ROBERT CHASE: That's exactly right. Our role in that was to affirm the right of Muslim Americans to worship and pray wherever they saw fit. That particular center—which got a terrible rap in some media corners of the world—was a wonderful vision of how this Muslim-based entity could become a community-wide effort that would appeal to people of all faiths. That was a local example of how we became involved.

Globally we've become involved primarily in Central Asia, in Kazakhstan and particularly in Pakistan, where we have developed a program called the U.S.-Pakistan Interreligious Consortium (UPIC), which seeks to bring together religious leaders, community organizers, scholars, and students from both countries to help bridge the divide that has happened between the United States and Pakistan.

RANDALL PINKSTON: Before we leave the mosque controversy, tell me your perspective on this hypothetical—well, it's not a really hypothetical; it's a fact—some Americans, including some in government, who insist on connecting acts of terror not only to the individual who commits those acts but also to the individual's religion, which is one of the reasons why there was opposition to the building of the mosque, because they connected an Islamic mosque to those who claimed responsibility for the 9/11 World Trade Center attacks. How do you respond to that point of view? What are the ethical considerations when you are trying to—well, you tell me.

ROBERT CHASE: I think it's unfortunate that the actions of a few individuals of any faith tend to paint a whole group of people with a particular brush. I know countless Muslims, work with them, am friends with them, and they abhor the acts of terror as much as non-Muslims in this country and around the world.

Again, we're in Pakistan frequently. We've now taken six trips to Pakistan in our U.S.-Pakistan Interreligious Consortium project and are building relationships there, and folks there are apoplectic about the fact that we in America think of all of them as terrorists. Yet that is part of the media narrative that we carry.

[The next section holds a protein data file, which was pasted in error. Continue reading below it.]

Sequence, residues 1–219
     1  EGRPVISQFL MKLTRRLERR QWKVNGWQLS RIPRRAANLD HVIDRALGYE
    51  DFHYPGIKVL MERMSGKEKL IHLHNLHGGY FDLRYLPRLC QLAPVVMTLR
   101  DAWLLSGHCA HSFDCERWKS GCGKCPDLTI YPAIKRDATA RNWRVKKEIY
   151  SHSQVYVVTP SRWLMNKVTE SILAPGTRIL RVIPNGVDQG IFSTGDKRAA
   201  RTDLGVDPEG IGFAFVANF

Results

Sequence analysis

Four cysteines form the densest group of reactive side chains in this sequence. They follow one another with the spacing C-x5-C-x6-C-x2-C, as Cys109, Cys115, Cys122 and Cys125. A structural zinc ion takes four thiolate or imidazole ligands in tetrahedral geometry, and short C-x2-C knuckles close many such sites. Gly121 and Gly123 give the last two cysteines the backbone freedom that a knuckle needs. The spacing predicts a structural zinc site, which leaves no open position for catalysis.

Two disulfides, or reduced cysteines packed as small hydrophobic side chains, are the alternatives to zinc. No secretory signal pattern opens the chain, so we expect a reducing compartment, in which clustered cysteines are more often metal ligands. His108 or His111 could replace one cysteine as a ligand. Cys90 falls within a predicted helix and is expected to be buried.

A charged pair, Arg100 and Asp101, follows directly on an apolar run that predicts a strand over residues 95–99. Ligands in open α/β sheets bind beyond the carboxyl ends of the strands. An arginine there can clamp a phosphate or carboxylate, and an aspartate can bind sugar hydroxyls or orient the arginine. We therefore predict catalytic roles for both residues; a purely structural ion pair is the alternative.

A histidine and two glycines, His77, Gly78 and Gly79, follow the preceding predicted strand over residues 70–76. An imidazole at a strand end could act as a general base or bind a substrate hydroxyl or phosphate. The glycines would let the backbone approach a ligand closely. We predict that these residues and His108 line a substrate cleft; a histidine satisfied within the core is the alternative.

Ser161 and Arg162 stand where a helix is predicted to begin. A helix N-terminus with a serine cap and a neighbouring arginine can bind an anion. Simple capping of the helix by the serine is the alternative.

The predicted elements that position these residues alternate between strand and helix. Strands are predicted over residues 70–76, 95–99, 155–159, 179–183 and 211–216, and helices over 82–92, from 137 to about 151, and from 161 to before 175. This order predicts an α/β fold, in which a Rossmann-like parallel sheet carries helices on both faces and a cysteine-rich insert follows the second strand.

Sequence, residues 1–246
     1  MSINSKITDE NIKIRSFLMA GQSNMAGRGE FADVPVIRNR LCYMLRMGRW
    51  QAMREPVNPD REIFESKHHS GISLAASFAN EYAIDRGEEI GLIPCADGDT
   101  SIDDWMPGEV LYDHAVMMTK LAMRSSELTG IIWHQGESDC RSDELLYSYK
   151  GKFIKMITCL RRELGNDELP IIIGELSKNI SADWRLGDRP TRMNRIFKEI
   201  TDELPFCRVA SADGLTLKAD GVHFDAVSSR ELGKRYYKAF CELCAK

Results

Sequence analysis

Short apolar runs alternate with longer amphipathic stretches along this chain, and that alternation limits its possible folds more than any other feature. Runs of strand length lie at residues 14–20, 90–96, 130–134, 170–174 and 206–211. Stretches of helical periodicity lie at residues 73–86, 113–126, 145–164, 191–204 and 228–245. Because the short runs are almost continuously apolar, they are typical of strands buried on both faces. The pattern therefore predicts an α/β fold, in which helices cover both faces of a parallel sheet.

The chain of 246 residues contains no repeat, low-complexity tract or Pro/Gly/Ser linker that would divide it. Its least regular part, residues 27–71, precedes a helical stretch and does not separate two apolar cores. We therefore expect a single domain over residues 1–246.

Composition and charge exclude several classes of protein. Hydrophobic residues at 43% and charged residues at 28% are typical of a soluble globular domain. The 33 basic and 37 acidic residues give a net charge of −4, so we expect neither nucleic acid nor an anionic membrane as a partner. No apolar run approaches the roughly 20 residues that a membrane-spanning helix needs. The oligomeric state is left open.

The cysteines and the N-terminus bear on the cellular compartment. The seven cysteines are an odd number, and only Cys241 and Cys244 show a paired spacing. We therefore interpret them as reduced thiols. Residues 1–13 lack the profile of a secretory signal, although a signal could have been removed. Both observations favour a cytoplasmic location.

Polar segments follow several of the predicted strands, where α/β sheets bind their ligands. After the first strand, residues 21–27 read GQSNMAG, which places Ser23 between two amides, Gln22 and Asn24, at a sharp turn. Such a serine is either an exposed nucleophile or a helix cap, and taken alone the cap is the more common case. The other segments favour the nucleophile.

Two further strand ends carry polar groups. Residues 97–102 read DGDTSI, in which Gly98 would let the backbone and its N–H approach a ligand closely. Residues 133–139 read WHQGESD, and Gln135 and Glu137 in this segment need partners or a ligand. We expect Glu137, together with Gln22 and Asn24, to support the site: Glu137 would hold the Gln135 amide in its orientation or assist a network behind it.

I think it's curious that we are quick to cite if there is an incident of terror the faith of the person if that person happens to be Muslim, not so quick if it is from another faith.

RANDALL PINKSTON: The pushback you run into from that perspective, Reverend Chase, is that the actors claim to be acting out of religious conviction. This is what they talk about on the web, in the videos say, "this is in the name of . . ." It is sacrilegious—

ROBERT CHASE: I could say that things I do are because I'm a Christian and maybe I'm not so proud of those things, but that doesn't make those acts Christian, or that doesn't make that act Muslim. We can claim whatever we want.

Sometimes—and especially with the media narrative that we have, "all Muslims are terrorists" or "Well, maybe not all Muslims are terrorists, but all terrorists are Muslim," right?—that can be a smokescreen for all kinds of other issues from mental health challenges to political agendas to revenge and retribution that one feels because of either a very personal incident in one's life or something where the community has been impacted.

RANDALL PINKSTON: Now, to Pakistan. Why did you focus on Pakistan? There are many countries.

ROBERT CHASE: Way back early on in life of Intersections, we were engaged in something called the U.S.-Muslim Engagement Project, which came out way back during the campaign that led to the first Obama administration or the first four years of the Obama, back in 2008.

RANDALL PINKSTON: Was this an outgrowth in part of the effort to repair relations after September 11?

ROBERT CHASE: Yes, and repair relations with the Muslim world.

We were working and created a website called, which was a companion piece to a book called Changing Course, which was produced and presented to both the Obama and the McCain campaigns at that time back in 2008. That report ultimately became a cornerstone in Obama's Cairo speech and other presentations to shift that focus in terms of U.S. policy. Our website took the inside-the-Beltway policies and applied them to Main Street: How do we as a community build bridges among ourselves?